- Various Complements 5.5.0 has new documentation, support for multi-word completions, improved suggestions, and better handling of yaml and code blocks.
- Obsidian Map View has a bunch of new features, including dark mode and the ability to switch map sources.
- TTRPG Statblocks v2.0 involved a rewrite of the entire rendering engine, which makes it faster and more consistent. Users can also create their own statblock layouts, integrate with dice roller, create a bestiary from frontmatter, and a ton of other awesome updates for tabletop gamers. This involves a breaking change for Initiative Tracker, which no longer handles homebrew creatures because that got moved to Statblocks.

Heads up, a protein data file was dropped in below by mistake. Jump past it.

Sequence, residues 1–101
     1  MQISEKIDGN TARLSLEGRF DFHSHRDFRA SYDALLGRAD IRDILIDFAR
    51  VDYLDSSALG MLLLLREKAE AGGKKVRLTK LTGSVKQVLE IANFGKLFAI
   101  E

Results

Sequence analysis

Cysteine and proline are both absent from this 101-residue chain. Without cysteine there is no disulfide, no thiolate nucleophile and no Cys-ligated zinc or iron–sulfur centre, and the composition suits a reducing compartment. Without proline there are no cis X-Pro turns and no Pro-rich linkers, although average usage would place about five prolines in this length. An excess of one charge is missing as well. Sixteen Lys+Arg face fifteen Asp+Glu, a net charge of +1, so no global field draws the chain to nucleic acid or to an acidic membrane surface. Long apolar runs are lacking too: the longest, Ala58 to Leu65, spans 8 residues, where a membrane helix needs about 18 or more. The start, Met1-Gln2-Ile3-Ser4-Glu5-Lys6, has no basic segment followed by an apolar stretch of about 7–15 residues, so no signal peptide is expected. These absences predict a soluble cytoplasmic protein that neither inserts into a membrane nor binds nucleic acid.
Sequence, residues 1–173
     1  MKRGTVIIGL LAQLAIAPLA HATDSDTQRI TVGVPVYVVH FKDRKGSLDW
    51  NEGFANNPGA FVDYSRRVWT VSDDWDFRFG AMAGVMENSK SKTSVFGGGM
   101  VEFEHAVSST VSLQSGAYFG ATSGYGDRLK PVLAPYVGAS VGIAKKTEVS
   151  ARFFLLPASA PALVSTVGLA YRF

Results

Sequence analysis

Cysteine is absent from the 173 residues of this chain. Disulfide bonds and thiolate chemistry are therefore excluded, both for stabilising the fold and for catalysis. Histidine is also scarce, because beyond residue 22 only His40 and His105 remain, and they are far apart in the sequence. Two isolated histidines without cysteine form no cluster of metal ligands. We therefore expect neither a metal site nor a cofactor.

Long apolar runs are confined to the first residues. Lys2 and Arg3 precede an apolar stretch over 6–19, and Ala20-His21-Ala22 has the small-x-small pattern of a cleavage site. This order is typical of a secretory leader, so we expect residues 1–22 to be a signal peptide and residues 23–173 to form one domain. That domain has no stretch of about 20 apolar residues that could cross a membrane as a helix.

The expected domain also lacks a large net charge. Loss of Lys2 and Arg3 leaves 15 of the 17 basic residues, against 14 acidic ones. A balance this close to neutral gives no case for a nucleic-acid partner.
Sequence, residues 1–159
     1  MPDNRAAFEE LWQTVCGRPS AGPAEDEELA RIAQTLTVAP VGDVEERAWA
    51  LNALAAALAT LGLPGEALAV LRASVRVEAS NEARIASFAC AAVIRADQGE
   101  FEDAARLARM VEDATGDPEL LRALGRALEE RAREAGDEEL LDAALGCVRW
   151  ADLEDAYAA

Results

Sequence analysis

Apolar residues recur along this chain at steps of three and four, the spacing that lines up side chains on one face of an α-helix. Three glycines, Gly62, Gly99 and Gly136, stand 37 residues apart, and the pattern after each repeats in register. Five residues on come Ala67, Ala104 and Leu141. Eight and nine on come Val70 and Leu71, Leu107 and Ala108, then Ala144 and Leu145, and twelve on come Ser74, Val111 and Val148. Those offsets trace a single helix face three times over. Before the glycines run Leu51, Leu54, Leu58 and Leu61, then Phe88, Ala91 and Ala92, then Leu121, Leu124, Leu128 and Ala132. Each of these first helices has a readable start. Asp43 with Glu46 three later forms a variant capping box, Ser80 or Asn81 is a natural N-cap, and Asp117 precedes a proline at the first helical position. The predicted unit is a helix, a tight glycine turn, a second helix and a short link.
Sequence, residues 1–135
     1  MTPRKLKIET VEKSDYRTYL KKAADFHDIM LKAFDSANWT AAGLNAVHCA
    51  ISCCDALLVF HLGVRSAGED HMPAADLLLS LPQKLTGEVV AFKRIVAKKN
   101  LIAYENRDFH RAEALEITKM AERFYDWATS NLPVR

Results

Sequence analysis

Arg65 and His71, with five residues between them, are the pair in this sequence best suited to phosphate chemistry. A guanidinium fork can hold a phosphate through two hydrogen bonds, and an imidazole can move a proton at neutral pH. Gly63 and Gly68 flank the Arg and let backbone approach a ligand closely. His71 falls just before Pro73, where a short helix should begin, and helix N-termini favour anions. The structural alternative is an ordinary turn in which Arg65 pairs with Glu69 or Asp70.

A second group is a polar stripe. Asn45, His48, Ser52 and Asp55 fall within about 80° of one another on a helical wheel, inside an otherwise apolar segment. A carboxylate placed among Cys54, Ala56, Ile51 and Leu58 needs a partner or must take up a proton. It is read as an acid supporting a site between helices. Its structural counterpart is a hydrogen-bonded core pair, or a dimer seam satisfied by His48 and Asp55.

- Supercharged Links got a big performance update and now lets you supercharge your quick switcher, links suggestor, and backlinks in document.
- Added: an option in community plugin pane to help debug slow plugin startup times.
editorLivePreviewFieldnot dynamically updated when Live preview is turned on/off.
- Added data-type to tab header elements.
- Here's a nice article about migrating from Roam and what aspects of web-based outliners feel "missing" from the Obsidian experience.
- Here's an example of a pdf stylesheet to make exporting to PDF a bit nicer.
- Primary now has Live Preview support and a bunch of fixes. The developer's birthday is tomorrow, by the way — here's her ko-fi page.